The Security of Critical Infrastructure Risk Management Program Rules (CIRMP) commenced on 17 February 2023 and was signed off by The Minister for Home Affairs the Hon Clare O’Neil MP (the Minister). This marks the beginning of the six-month transition period for responsible entities to adopt a written CIRMP.
These rules enable the Government to provide meaningful assistance and advice to entities on ways to further enhance the security and resilience of critical infrastructure assets. These assets are defined by the Federal Government as systems and services that are vital to our way of life and include physical facilities, supply chain and information technology.
The Responsible Entity or Direct Interest Holders of critical infrastructures are now subject to the recent legislative changes including the Security Legislation Amendment (Critical Infrastructure Protection) Act 2022 (Cth) (the SLACIP Act) amendments to the Security of Critical Infrastructure Act 2018 (Cth) (the SOCI Act).
What is the SOCI Act?
The SOCI Act is a market-wide framework used to define critical infrastructure and improve the security and management of risks relating to critical infrastructure.
What is the SLACIP Act?
The SLACIP Act amends the SOCI Act by introducing additional risk management requirements including that critical infrastructure entities are now obligated to create and maintain a critical infrastructure risk management program (CIRMP).
These reforms aim to strengthen the information exchange between industry and government to mitigate risk and protect against threats to essential services.
Complying with the risk management requirement
The SLACIP requires each Responsible Entity to create and maintain a risk management program that covers the critical infrastructure asset(s).
The risk management program must consider four areas of operational and security risk:
- Cyber and information security hazards – any risks to the digital systems and networks.
- Supply chain hazards – risks to the disruption of supply chain.
- Physical and natural hazards – includes access to control rooms or facilities that is critical to the functionality of the asset.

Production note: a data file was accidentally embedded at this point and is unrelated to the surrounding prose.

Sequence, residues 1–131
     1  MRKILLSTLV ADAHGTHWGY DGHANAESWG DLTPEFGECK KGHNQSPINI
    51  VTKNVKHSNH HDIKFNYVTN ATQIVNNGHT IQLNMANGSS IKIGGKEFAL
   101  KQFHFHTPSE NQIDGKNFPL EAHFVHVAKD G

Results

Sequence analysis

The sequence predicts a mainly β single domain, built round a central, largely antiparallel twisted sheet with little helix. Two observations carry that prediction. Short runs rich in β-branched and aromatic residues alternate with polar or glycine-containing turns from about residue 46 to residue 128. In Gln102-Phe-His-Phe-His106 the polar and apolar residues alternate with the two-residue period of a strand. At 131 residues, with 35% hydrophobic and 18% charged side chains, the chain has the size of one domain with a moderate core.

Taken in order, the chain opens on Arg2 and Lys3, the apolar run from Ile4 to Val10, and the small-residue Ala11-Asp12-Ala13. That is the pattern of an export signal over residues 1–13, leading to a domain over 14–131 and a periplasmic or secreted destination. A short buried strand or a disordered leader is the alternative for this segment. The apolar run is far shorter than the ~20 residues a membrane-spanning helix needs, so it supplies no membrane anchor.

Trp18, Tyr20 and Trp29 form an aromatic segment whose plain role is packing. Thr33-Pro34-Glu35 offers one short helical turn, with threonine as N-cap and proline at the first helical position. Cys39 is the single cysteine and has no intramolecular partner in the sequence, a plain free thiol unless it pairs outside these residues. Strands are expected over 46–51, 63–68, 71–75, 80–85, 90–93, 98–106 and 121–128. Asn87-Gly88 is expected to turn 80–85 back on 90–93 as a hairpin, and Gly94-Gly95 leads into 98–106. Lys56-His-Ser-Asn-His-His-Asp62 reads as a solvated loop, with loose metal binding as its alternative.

- Personnel hazards – any workers or ‘trusted’ insiders who have access to disrupt the asset.
In order to comply with the risk management program requirement, entities will need to submit to their relevant regulator an annual report on their risk management program within 90 days of the end of the Australian financial year. The purpose of the annual report is to summarise risk management efforts during the year and the report must be approved by the entity’s board, council or other governing body.
The Cyber and Infrastructure Security Centre (CISC) regulatory obligations state that the SOCI Act requires the annual report to be in an approved form and to include the following:
- A declaration that the CIRMP is up to date at the end of the Australian financial year.
- Whether a hazard occurred that had a significant relevant impact on an asset during the year.
- Whether any variations to the CIRMP were made during the year.
- Whether the program was effective in mitigating any significant relevant impact that a hazard may have had on an asset during the year.
- An attestation that the information contained within the annual report was approved by the board or governing body of the entity.
The first annual report required under the CIRMP Rules is for the 2023-2024 Australian financial year. The report must be submitted within 90 days after the end of each financial year, with the first to be submitted between 30 June 2024 and 28 September 2024. Although it is not a requirement, the CISC strongly encourage entities to voluntarily submit an annual report for the 2022-2023 financial year, to provide initial feedback on the implementation of the CIRMP.
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How Grant Thornton can help you comply
The critical infrastructure reforms represent a step change in the regulation and protection of Australia’s most key market assets. Whilst organisations in more heavily regulated industries may already be meeting some or all of the risk management requirements, there are others who currently have a more ad hoc or decentralised approach to risk management.
Grant Thornton is helping clients to implement and uplift of their CIRMP programs to meet the new requirements and comprehensively address the four risk categories outlined in the reform. This includes implementing a top down and consistent risk management program across the various hazards, as well as improving documentation of existing risk management activities that are already taking place.
We are also helping Boards and governing bodies to gain internal assurance that the information included in their annual report is valid and has a reasonable basis for their sign off.
Regardless of the maturity of your organisation, we are here to help you comply with the new reforms and encourage you to get in touch.